A Photographer’s Life – Dorothea Lange + Joe McNally

Copyright Dorothea Lange

 “I slid down in the seat and began to weep. I wept for her, for me, but mostly because the siren call of my first big story with a yellow border around it was more powerful than the call of fatherhood.”

Joe McNally, The Moment It Clicks: Photography Secrets from One of the World’s Top Shooters

I bought Joe McNally’s book four years ago whilst I was looking to further my lighting techniques. When the book arrived I quickly flicked through it to see if the light in his images was the kind of light i was expecting it and hoping it would be –  there were many pictures of Joe’s work and without a doubt this guy has done his fair share of ‘photography kilometers’.

That night I curled up in bed and opened the book and read the above quote that referred to Joe leaving in a taxi to go off for his first National Geographic assignment and leaving his daughter and family behind. I had instant tears in my eyes.

What honesty and there it was in print for the whole world to see. I had a new admiration for a photographer I didn’t know simply because he had the courage to own up to something so painful and distressing as choosing a magazine assignment over fatherhood. And on that day he chose photography.

I am currently reading Dorothea Lange’s A Life Beyond Limits and for those  of you who don’t know her name you may know her work, she is the photographer who took many of the American depression’s most memorable photos (see above) and she too like Joe McNally was torn betweeen photography and in her case motherhood.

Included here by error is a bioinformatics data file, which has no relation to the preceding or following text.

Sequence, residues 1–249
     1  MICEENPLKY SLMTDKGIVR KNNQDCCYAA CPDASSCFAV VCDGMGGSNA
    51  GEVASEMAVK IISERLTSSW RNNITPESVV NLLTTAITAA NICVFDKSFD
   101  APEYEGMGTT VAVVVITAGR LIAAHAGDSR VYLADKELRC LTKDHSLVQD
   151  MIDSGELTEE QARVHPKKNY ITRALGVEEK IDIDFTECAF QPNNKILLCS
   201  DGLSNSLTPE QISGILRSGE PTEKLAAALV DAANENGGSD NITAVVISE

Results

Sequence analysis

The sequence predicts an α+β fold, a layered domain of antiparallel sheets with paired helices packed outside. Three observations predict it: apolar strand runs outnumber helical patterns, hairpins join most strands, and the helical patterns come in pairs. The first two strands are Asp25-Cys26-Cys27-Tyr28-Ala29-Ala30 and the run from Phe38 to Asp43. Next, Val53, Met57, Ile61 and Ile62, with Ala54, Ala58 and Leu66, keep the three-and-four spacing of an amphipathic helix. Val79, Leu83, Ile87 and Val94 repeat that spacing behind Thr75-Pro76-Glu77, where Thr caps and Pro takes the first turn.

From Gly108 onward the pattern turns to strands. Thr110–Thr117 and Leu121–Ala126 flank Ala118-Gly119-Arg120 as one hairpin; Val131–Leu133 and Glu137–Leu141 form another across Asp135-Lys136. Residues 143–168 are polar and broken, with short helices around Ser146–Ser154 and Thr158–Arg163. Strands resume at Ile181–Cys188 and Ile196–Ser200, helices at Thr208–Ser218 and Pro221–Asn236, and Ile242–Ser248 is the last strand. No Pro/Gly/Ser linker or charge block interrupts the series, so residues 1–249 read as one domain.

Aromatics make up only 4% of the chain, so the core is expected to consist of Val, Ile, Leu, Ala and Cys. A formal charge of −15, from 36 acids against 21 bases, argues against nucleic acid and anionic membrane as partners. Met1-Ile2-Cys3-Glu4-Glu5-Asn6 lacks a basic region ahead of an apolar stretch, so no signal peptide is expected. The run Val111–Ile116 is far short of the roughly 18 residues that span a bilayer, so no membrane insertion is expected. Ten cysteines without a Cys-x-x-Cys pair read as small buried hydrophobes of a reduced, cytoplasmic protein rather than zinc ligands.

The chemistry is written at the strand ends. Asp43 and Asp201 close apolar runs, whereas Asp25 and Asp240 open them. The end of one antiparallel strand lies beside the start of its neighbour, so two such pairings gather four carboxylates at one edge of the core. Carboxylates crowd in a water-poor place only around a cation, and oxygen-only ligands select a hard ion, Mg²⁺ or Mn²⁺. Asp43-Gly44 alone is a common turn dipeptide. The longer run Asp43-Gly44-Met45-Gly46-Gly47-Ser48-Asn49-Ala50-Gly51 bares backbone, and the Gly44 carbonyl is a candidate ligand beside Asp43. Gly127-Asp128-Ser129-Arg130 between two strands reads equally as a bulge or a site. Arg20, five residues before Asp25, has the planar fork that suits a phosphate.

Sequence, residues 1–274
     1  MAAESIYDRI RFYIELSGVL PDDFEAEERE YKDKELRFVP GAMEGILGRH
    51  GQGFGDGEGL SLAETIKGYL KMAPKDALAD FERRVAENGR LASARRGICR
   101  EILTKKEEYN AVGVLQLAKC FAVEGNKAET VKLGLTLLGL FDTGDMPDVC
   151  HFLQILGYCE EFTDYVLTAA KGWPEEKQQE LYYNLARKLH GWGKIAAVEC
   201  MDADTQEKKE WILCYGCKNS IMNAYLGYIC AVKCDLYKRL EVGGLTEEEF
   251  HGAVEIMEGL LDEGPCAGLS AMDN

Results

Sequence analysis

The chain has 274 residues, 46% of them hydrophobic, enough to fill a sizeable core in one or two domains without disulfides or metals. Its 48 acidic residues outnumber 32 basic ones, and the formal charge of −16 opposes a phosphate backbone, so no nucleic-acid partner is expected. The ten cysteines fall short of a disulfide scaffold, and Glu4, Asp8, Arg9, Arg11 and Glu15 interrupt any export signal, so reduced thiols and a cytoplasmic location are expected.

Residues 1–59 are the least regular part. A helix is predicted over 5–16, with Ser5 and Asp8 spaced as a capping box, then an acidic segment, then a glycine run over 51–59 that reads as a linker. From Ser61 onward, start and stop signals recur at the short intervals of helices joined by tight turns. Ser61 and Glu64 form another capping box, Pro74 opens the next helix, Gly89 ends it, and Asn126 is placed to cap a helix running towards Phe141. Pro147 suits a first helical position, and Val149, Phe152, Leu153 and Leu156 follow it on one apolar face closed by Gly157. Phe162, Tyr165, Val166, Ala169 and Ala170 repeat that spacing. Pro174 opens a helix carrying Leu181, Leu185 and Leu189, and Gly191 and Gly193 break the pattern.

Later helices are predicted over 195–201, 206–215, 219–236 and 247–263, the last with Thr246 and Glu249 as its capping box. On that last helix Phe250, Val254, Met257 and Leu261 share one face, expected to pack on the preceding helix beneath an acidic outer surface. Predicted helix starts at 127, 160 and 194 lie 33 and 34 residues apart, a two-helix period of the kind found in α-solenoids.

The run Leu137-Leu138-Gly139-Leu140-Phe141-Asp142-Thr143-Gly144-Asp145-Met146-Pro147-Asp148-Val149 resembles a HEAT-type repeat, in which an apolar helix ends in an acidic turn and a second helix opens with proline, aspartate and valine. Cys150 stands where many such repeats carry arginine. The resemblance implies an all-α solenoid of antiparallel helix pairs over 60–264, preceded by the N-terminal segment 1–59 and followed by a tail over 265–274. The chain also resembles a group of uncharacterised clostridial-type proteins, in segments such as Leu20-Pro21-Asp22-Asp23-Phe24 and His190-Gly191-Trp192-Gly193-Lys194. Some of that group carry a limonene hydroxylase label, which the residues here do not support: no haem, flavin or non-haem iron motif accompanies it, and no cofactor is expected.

I am finding her story fascinating, a photographer in the 1920’s when women rarely had a career but choosing an artistic path was not encouraged. She decided to be a photographer but was told by her parents to do something she could ‘fall back onto’. Dorothea was smart enough to know even at a young age that all her youthful energy would be eaten up learning something she didn’t care about and adamantly pursued photography.

What a life and what hard decisions she had to make. She married, supported an artist husband, had children, ran a studio, cooked cleaned and provided financial and emotional support for them all. The writer describes Lange in today’s language as a ‘superwoman’, reading her story I was shaking my head knowing how much energy it takes for me to do what I do and asking myself ‘ I don’t know how she did it’.

Lange’s photographic journey leads her to documentary photography in the depression and a new husband. Her love for photography  asks her to make heart breaking decisions about leaving her family months at a time, a little like Joe McNally.

I often wonder how photographers ‘have it all’? I know as the years pass heading to the airport to leave my husband and my darling kitty becomes harder and harder. What if I had a child or children? What decision would I make?

For those of you who interested in photography and the journey of a photographer’s life I think you will find A Life Beyond Limits a fascinating read.

Any photographers out there that are torn?

Love to hear your thoughts.

 

 

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9 Responses to A Photographer’s Life – Dorothea Lange + Joe McNally

  1. Tamera says: